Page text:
Gail Explains. ” When we spend on plastic, there’s no pain. So cash keeps us more in tune with both sides of the transaction; cash helps to keep us balanced.”

Gail is absolutely right. For a while, I did not bother with pulling out cash from my bank and used my debit card instead. This strategy did not work for me because this pleasure/pain duality was not satisfied.

With the debit card, I had overspent and that kept me from putting money into savings. With money taken out each week and put into Gail’s suggested “budget jars”, I am challenged to make that money stretch to the end of the week-and beyond.

The satisfaction I get from succeeding is far more gratifying than any extravagant night out.

Granted, I do treat myself every once in a while, but I save for these occasions, using Gail’s 4 simple rules:

• Don’t spend more money than you make

• Save something

• Get your debt paid off

• Mitigate your risk with an emergency fund and enough of the right kinds of insurance.

I still am dealing with paying off my credit card debt and my two student loans, but now I have a plan to pay off these bills in the next three years. And best of all, I feel in control of my life and my destiny and my figure is responding!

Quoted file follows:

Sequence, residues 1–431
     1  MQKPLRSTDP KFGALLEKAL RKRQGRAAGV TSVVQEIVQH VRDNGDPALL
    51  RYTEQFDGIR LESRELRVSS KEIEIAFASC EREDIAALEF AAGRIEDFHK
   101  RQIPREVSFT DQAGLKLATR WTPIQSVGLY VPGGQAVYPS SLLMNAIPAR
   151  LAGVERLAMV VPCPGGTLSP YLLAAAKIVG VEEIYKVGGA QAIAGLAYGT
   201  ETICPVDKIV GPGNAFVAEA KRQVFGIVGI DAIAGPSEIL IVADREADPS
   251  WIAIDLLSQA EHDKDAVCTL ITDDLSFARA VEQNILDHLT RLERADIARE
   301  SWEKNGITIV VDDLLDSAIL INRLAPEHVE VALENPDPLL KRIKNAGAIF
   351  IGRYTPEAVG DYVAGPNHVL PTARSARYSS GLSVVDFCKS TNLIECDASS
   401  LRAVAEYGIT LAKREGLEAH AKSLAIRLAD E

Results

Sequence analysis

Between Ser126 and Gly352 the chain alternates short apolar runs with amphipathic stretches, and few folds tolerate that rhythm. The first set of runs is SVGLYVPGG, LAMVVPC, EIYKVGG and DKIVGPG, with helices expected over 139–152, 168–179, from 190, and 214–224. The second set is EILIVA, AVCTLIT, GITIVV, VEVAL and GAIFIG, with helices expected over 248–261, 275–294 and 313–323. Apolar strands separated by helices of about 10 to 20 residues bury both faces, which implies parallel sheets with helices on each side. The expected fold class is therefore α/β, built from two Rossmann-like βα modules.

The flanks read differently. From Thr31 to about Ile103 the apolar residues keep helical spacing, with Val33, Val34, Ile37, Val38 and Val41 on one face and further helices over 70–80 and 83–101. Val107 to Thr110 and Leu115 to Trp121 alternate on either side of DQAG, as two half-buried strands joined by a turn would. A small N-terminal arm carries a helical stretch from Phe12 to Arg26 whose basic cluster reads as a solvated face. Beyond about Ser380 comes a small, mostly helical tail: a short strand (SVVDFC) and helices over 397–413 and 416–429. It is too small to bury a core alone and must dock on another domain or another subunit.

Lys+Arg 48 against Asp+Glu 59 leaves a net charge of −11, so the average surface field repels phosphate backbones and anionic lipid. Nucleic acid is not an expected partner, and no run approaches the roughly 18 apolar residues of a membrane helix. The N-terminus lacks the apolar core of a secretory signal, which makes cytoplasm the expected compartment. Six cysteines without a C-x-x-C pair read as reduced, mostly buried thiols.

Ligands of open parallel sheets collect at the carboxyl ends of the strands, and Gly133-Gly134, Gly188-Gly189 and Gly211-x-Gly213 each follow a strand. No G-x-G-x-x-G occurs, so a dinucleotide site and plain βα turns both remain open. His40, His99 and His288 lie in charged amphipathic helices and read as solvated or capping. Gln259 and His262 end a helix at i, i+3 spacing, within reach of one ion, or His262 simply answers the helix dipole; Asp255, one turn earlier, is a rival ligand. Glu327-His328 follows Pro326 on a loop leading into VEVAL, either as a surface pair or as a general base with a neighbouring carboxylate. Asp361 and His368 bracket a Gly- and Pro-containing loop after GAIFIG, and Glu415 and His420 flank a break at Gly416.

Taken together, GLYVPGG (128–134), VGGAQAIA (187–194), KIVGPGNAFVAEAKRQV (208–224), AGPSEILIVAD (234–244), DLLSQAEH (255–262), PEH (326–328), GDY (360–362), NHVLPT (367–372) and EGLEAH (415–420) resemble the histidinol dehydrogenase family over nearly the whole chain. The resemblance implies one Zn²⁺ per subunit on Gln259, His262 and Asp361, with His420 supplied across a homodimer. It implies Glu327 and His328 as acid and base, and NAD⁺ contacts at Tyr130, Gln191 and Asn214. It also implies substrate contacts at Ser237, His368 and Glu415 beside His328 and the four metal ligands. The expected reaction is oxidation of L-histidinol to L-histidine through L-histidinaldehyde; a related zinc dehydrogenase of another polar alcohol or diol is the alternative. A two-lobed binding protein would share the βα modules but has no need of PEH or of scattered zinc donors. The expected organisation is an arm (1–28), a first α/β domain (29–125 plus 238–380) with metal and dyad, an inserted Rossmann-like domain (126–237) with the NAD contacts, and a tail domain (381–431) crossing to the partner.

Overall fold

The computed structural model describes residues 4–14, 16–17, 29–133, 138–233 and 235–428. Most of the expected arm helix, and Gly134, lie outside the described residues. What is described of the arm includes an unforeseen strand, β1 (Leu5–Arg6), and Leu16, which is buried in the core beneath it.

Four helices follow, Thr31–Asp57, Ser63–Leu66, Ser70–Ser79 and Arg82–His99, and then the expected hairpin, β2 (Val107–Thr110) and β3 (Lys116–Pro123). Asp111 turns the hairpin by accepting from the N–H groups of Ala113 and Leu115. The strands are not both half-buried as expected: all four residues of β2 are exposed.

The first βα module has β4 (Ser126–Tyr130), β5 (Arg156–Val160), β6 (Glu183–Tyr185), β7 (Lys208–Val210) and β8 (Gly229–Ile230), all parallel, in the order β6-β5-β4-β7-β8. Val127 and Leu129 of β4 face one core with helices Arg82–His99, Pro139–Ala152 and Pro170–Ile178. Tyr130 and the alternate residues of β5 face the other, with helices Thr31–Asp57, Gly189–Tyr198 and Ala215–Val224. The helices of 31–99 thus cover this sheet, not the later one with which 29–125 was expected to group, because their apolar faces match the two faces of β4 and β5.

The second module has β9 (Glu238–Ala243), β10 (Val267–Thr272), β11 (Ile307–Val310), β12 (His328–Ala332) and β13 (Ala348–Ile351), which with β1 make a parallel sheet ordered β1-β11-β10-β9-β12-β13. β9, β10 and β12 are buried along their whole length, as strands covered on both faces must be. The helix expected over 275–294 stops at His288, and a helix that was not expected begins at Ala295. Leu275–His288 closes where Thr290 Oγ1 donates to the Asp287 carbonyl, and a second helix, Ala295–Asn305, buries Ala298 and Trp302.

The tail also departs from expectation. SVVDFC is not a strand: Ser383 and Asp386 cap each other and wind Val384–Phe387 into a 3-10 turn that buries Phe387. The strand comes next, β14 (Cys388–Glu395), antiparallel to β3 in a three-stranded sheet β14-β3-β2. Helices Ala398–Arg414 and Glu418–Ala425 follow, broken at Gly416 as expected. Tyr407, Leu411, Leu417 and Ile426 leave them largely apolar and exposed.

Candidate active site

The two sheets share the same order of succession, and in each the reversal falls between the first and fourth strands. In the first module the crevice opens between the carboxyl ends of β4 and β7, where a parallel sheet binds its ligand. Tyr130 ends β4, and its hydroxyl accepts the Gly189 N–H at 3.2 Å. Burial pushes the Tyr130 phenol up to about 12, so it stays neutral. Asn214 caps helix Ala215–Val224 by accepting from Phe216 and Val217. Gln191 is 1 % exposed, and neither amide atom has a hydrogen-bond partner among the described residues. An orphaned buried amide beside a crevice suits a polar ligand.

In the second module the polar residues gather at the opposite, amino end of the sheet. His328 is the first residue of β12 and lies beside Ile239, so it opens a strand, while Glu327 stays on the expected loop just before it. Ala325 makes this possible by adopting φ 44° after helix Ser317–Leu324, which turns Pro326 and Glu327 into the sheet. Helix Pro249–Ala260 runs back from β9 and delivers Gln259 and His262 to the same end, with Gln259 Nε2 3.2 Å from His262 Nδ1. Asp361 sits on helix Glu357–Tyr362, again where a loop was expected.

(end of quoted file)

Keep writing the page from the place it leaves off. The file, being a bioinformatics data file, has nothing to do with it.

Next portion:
There is no doubt, I have had those dreams of winning the lottery and never having to worry about money, but if have learned that even if you receive such a windfall, this does not guarantee financial freedom.

Recently, I read Sarah Ban Breathnach’s cautionary tale, Peace and Plenty, that tells of her spectacular financial windfall with the success of her book Simple Abundance and then total financial loss.

Sarah had such a great success that she had a “checkbook with no commas” that was quickly spent down to nothing in a matter of a few years.

This eye opening revelation made me realize that like watching what I eat, I need to stick to these 4 simple rules-no matter how much money I made. And in doing so, I will succeed in my goal of living a stress free financial life.